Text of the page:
Gold, the Golden Constant, COVID-19, “massive Passives,” and Déjà Vu
- Claude Erb, Campbell R. Harvey, Tadas Viskanta
- A version of this paper can be found here.
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The world has unquestionably be sent on a wild ride in 2020. We entered the year full of optimism and hope. Markets were at or near all-time highs, unemployment was low, living on easy street was good. Then the impact of COVID-19 ripped through the market and the economy with enough force to make the winds of even a double hurricane green with envy. This massive and rapid readjustment of the economy sent the Federal Reserve and the Federal Government into a frenzy of money printing that has reached altitudes that even the team at Alpha Architect wouldn’t want to hike at. Market observers and armchair macro-economists minds start firing with thoughts of the Weimaraner republic, and wheelbarrows of Deutch Marks needed for even small routine purchases. To quell these fears the first place people turn is to gold 1. With gold approaching all-time highs, even on inflation-adjusted terms, we must ask if it’s a good inflation hedge. The authors of this paper pull on the string of gold as an inflation hedge by utilizing gold futures prices, CPI data, and other metrics to answer this question.
What are the research questions?
- How well has gold been as an inflation hedge in the past?
- If gold is not an inflation hedge, can it still go higher?
What are the Academic Insights?
- Since 1975, when gold futures started trading, gold has not performed well as an inflation hedge. Historically gold prices rise in as the anticipation of inflation rises, but when that inflation does arrive (or doesn’t as in 2011) the real returns of gold have been abysmal. January of 1985 marked a peak in gold prices of $682 an ounce, while the CPI was at 78. Over the following 5 years, gold fell to $304 per ounce (a -55.4% return), while the CPI rose to 105.7(a 35.5% increase). The real gold price from 1980 to 1985, a period marked by relatively high 6.3% annualized inflation, saw gold prices fall 67.1% (-19.9% annualized). 2011 was a slightly different story as the expected high inflation never materialized. From gold’s peak in August 2011 to August 2016 the nominal price of gold fell 28% and the real price of gold fell 33%.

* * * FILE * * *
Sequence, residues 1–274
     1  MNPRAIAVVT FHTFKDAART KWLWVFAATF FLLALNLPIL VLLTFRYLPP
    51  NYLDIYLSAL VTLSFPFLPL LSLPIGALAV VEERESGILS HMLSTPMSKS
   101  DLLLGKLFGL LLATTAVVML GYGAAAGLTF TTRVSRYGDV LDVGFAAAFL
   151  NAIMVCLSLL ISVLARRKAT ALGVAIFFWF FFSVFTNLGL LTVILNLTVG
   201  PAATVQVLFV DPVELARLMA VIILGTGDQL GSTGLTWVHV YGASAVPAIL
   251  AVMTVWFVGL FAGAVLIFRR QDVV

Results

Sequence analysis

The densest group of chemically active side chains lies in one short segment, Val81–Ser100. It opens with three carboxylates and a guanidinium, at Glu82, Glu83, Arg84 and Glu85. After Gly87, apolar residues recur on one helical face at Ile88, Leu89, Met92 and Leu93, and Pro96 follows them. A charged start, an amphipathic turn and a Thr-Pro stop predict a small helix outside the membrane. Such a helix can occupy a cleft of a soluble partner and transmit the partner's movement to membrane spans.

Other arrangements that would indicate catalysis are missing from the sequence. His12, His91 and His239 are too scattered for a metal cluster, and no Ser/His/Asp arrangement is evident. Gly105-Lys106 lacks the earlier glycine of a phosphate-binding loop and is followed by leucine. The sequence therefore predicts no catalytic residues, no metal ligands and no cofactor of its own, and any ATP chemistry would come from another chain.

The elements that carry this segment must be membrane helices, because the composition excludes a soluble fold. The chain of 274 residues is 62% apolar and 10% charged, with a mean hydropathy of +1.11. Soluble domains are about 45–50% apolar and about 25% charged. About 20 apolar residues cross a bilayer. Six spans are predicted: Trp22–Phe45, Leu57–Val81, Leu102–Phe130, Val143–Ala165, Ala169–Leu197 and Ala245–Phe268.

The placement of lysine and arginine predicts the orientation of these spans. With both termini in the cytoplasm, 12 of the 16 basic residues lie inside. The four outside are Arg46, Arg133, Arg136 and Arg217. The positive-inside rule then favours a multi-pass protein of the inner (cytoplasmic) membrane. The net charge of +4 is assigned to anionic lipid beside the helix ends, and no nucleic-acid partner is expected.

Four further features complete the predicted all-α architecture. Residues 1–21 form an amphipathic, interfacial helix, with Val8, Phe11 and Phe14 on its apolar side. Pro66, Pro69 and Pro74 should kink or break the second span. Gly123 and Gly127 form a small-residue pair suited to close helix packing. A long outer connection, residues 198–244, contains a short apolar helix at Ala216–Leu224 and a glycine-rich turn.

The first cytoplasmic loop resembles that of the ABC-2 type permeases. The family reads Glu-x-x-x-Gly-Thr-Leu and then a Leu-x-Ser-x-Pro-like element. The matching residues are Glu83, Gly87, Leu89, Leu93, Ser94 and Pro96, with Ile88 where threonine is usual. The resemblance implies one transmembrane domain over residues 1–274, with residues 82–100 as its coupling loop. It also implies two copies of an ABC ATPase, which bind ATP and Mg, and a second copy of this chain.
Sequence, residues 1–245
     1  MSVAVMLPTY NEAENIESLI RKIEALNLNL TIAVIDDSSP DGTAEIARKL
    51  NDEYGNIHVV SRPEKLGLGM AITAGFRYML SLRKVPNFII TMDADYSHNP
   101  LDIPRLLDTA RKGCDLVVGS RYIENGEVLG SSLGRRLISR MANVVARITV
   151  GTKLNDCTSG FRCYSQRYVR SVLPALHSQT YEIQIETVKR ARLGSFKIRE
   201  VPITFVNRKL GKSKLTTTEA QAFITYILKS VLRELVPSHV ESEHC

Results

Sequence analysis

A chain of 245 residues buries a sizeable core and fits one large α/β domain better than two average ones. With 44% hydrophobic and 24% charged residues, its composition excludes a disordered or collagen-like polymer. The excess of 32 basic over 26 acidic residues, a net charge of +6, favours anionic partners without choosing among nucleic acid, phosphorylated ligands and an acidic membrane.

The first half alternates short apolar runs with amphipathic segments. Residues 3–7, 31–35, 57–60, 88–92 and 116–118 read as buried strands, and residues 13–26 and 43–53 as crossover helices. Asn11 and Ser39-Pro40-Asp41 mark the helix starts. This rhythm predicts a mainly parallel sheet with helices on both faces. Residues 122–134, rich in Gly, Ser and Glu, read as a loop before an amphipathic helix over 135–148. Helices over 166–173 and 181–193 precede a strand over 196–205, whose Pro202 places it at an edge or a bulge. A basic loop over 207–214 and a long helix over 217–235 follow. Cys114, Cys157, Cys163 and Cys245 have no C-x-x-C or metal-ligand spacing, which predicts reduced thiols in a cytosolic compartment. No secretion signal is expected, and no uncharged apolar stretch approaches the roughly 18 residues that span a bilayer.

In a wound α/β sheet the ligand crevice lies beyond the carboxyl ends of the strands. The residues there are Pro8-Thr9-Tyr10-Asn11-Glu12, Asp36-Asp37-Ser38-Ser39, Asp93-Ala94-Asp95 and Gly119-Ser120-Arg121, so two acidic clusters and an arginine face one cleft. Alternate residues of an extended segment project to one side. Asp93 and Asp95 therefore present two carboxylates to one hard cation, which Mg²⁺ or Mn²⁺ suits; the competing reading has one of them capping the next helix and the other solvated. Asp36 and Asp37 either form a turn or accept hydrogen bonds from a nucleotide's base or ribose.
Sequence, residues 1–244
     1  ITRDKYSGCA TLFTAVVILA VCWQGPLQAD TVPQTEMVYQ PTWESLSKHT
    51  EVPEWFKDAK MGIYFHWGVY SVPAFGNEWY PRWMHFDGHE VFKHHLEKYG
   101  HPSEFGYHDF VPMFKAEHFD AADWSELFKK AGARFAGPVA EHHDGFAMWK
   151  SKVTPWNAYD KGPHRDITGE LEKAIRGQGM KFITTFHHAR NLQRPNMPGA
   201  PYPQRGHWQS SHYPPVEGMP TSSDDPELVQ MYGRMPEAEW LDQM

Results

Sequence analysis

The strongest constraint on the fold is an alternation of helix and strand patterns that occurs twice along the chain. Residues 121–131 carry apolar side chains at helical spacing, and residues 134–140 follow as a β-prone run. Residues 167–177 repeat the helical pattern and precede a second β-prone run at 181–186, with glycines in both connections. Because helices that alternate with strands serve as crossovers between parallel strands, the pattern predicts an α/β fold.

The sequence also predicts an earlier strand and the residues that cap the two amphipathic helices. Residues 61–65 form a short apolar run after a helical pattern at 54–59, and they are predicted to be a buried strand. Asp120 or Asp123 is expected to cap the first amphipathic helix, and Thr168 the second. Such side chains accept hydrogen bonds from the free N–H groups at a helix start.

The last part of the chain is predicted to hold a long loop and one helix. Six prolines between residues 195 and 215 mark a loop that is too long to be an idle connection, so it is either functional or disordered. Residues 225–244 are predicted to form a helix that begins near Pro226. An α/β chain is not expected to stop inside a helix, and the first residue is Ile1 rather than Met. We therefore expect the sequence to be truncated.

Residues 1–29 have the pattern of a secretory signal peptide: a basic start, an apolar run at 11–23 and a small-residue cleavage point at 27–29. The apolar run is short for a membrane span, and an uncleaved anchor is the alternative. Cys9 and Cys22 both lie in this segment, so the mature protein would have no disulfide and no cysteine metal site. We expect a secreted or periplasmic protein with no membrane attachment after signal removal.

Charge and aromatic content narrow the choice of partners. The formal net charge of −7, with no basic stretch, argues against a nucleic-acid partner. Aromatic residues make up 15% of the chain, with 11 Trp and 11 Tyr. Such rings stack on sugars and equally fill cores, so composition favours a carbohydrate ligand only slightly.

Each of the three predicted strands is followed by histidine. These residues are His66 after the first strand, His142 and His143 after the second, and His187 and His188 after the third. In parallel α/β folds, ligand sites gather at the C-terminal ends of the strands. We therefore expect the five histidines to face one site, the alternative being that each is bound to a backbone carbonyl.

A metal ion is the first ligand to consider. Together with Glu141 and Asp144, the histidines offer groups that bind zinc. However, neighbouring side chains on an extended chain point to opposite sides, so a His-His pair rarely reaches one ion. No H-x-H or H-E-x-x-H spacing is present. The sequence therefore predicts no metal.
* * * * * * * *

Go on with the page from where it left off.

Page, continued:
- Yes, the authors point towards the expanded use of ETF’s to bring investors aka “massive passives” into the gold market. They argue that the widespread utilization of gold ETF’s could potentially create Keynesian demand-pull inflation, where too much money is chasing too little gold. These massives passives investors are fed on higher prices and in the author’s opinion higher gold prices beget higher prices in a virtuous cycle that can take gold prices to levels never seen before.
Why does it matter?
Gold is again at a peak valuation and inflation expectations are high. So, it’s a critical time to look at the past and consider that as Buffett succinctly puts it:
“Price is what you pay, value is what you get.”-Warren Buffett
The authors argue that if the high prices of gold, due to high levels of concern for inflation, did not reward high inflation fears in 1980 and 2011, why should it do so now? The data they provide is compelling and gives a good balance to the inflation fear-mongering that is fairly easy to rationalize when such extreme initiatives are being taken by the federal government. One concern I have with the paper is that the sample size of two price spikes and utilizing such limited data sets to draw conclusions leaves a bit more uncertainty. Maybe we can entice Jamie Catherwood to take a deeper dive into the history of gold and it’s performance over a much longer time period in history. That said the paper presents a wide breadth of ways to analyze and think about gold as an investment and is a great read for educational benefit alone.
There is little doubt that “massive passive” investors in markets can derive some very extreme price swings, note oil trading at -$35 a barrel. In any event, it is prudent to be aware that price volatility and valuation increases well beyond even “high prices” is possible, even with the conclusion that gold has not been a wonderful inflation hedge over the last 40 years.
The most important chart from the paper
Currently, the real, inflation-adjusted, price of gold is almost as high as it was in January 1980 and August 2011. Since 1975, periods of high real gold prices have occurred during periods of elevated concern about high future price inflation. Five years after the real price peaks in January 1980 and August 2011 the nominal (real) prices of gold fell 55% (67%) and 28% (33%), respectively. Today’s high real price of gold suggests that gold is an expensive inflation-hedge with a low prospective real return. However, “massive passive” ETF financialization of gold ownership may introduce a period of “irrational exuberance”.
- If you’re younger and wiser maybe you turn to cryptocurrencies. ↩